Mon 28 Feb 2005
Filed under: News,Regional
Thai authorities have reissued work permits to some 130 Burmese migrant workers who survived the tsunami which hit southwestern Thailand. The workers comprise only a fraction of an unofficially estimated 31,000 registered Burmese workers-mainly fishermen-said to have been in southern Phang Nga Province before the December 26 tsunami.
Hundreds died when the tidal wave struck. Many survivors were subsequently sent back to Burma by the Thais for not having permits, while others returned voluntarily fearing arrest, according to aid workers.
An official from the Tsunami Action Group, or TAG, who withheld his full name, said more than a thousand Burmese workers were waiting for new permits, after losing them in the tsunami. Non-government and other community-based organizations, working with the United Nations, grouped to form TAG to help Burmese workers immediately after the tsunami.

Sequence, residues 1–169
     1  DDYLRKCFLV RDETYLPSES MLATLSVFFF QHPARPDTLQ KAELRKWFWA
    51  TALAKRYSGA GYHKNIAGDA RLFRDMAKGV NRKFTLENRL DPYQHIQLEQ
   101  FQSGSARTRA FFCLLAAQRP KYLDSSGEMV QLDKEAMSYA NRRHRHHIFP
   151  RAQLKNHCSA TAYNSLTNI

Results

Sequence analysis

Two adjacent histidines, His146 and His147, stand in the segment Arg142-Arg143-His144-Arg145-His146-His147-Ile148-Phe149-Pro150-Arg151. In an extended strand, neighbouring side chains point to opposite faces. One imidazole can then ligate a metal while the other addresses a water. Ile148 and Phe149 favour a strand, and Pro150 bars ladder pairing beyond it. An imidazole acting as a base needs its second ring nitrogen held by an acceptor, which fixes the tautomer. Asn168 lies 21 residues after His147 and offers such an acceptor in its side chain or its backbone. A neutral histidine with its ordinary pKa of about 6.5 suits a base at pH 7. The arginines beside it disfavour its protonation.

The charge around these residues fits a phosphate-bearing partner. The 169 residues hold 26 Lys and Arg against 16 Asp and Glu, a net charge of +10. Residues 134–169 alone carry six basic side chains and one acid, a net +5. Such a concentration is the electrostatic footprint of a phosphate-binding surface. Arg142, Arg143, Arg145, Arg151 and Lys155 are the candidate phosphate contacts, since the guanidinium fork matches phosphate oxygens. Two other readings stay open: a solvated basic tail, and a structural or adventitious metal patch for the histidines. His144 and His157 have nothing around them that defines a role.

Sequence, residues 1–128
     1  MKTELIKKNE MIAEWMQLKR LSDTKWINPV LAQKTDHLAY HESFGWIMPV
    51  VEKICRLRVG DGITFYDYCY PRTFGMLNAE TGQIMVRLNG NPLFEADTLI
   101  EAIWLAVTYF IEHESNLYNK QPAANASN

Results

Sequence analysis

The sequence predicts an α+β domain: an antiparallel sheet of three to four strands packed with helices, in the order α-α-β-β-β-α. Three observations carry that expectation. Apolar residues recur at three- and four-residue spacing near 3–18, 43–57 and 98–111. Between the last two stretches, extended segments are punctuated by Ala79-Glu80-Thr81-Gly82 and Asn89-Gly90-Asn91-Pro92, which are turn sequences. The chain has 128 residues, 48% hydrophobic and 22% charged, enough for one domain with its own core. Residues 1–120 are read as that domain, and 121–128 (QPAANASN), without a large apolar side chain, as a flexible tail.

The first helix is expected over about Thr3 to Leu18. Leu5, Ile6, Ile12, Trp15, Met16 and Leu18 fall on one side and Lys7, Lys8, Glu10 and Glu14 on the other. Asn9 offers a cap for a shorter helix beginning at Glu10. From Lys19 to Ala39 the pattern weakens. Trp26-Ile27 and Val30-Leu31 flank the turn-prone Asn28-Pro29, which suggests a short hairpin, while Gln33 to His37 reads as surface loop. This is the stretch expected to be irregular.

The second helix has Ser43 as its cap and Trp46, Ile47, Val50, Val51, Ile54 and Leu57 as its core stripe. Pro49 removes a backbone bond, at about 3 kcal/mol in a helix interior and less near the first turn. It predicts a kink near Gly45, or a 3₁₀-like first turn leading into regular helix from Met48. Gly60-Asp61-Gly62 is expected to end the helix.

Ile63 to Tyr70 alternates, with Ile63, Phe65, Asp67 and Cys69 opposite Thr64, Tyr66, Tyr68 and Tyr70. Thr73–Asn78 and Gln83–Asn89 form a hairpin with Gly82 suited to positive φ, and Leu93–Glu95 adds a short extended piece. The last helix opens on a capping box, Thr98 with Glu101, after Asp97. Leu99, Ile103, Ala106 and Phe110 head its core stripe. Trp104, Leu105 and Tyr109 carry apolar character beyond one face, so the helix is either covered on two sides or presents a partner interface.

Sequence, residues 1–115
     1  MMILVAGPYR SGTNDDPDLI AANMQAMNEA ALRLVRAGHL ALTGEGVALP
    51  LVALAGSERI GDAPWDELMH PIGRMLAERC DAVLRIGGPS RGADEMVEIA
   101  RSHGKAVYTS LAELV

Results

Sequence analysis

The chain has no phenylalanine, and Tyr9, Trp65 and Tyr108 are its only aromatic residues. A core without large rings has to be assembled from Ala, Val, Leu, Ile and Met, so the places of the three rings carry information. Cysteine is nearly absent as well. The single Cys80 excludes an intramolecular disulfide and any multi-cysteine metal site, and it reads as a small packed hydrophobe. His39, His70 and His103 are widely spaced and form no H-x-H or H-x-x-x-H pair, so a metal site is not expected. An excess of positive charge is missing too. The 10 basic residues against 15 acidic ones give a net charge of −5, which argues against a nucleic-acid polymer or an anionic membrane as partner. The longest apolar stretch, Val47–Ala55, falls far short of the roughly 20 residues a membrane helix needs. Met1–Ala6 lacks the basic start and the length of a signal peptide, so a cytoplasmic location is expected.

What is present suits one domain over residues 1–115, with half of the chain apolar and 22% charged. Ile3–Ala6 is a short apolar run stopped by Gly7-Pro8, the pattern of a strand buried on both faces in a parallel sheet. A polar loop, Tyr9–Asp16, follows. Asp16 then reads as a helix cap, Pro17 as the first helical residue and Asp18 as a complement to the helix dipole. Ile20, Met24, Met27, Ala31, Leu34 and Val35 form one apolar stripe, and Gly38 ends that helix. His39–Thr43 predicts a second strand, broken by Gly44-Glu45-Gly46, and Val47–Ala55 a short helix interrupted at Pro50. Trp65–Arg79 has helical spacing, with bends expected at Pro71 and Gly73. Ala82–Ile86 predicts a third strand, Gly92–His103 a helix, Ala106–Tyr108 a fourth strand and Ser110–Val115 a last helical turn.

Main area of operations for TAG is Takuapa District of Phang Nga, worst hit by the tsunami. It helps the workers obtain their work permits, and provides transport and food.
There is no official total for the number of migrant workers who died in the tsunami, but another NGO, the Human Rights Education Institute of Burma, reported on January 8 that between 700-1,000 workers died in the whole of southern Thailand, and that 156 bodies had been identified.
Htoo Chit, a TAG official, said TAG’s work permit-reissuing efforts have become easier since the Thai Labor Ministry is now cooperating with it.